Starting a Pooper Scooper Service
By Tammie Peters
Pooper scooper businesses are being established almost everywhere throughout Canada and the United States. The low start-up cost, the growing need for this service, the profit potential and the option to operate the business on a part-time basis are some of the reasons why a pooper scooper service is a popular choice for anyone wishing to start their own business.
I am the former owner of a successful pooper scooper business based in Toronto, Ontario called The Scoop on Poop. I operated the business on a part-time basis over a 3 year period and had 80 regular clients and a number of employees working for me by the end of my first year.
Throughout the time that I operated The Scoop on Poop, I learned that cleaning up dog waste is just one aspect of running a profitable pooper scooper service. Here are some things to keep in mind if this is a business venture that you are considering:
Physically Demanding Work
Scooping poop for 8 hours or more every day is hard work. The repetitive scooping motion, bending over and gripping your tools all day can cause an enormous strain on your back, arms, wrists and hands. Dog poop can get quite heavy too—especially when it’s wet after rainfall or in the spring. Lifting and carrying heavy garbage bags containing dog poop will be required if you are removing the dog waste from the customer’s property.
Geographical Coverage Area
The size of the area in which you offer your service will directly affect your net profit. If the area you are covering is too large, you will spend more time traveling to each yard and your fuel costs will increase. Choosing a smaller coverage area in the beginning is advisable so that you can complete more yards per hour, spend less on fuel costs and designate only a few days of the week to scooping, allowing more time for office procedures.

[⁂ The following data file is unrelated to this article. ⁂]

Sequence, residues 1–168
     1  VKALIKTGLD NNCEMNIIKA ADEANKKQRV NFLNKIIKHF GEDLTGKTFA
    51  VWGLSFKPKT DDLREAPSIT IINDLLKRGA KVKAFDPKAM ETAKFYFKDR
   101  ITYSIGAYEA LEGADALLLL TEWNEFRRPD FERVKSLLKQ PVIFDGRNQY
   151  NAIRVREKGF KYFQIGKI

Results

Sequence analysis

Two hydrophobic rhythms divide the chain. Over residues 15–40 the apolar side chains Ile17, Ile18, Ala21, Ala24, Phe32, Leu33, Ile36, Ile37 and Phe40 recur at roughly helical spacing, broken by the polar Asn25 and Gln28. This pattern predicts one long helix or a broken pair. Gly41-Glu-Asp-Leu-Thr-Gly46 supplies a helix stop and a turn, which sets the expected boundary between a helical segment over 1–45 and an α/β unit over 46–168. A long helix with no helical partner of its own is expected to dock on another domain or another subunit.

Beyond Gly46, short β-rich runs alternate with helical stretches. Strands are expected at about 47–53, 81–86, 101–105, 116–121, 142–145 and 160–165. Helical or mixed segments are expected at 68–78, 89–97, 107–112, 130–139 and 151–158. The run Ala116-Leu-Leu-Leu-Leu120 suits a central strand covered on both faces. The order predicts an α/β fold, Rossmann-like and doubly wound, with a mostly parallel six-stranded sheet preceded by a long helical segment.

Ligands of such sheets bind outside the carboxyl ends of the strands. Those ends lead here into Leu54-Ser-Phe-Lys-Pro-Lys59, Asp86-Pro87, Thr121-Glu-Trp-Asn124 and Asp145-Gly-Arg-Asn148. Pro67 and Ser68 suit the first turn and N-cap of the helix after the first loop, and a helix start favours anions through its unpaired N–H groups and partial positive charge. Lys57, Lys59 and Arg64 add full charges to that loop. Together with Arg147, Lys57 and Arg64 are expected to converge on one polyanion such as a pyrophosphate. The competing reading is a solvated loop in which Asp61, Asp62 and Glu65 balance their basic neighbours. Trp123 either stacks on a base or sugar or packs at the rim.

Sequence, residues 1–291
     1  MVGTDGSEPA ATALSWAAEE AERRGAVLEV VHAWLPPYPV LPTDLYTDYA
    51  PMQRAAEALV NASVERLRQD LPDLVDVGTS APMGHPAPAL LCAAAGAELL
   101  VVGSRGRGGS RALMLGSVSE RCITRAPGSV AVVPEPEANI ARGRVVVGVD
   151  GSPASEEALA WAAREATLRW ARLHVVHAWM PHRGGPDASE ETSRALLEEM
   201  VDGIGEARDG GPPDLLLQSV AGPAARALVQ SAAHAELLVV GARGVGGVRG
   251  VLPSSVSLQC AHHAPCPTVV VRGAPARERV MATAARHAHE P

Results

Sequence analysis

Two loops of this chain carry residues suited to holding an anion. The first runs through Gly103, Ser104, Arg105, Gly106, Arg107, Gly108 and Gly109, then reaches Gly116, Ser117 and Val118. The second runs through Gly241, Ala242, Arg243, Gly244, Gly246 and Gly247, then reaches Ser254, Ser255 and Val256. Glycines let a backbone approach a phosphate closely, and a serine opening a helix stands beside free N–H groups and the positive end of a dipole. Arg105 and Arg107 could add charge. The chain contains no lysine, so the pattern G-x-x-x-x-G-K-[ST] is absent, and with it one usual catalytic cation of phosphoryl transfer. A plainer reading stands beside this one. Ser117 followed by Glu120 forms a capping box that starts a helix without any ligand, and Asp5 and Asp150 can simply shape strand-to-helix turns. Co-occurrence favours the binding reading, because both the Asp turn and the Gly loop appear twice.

In the beginning when you only have a limited number of customers, waste disposal is not an issue. With time, as your customer base increases you will be dealing with a large volume of dog poop. You will have to determine where you will dispose of the collected waste. Any option, whether it is the local landfill, sewage plant or renting a dumpster will cost money. You may choose to offer a “dog waste clean-up” service instead and leave the bagged waste in your customers’ outside garbage can.
The weather plays an important role in running a pooper scooper business. Not only will you be subjected to the elements (rain, heat and humidity, snow and cold weather), the condition of the poop will change as the weather changes. If you are in a region where it snows in the winter, scooping poop in the spring is the most challenging and the busiest time of the year. Summer scooping is typically easier, but you should be prepared for a decline in your number of regular customers as people put their service on hold for the summer. Scooping in the winter and fall can be difficult because of the snow and leaves covering the ground.
In order for your business to grow, there is a possibility that you will have to hire employees to help you cope with the workload. If you lack previous management experience, this can be quite a challenge. It’s hard to find reliable and trustworthy workers that will do as thorough a job as you would when cleaning your customers’ yards. You can either pay the employee an hourly rate or on a “per yard” basis. Keep in mind that you will be responsible for paying your portion of the employment and pension plan contributions as well as worker’s compensation and the optional but recommended insurance and bonding for each worker.
Having said all of this, owning your own business can be very rewarding and with hard work, persistence and creativity there is potential to make a considerable amount of money with a professional pooper scooper service.
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Diana Marie Ratliff © 2006-8.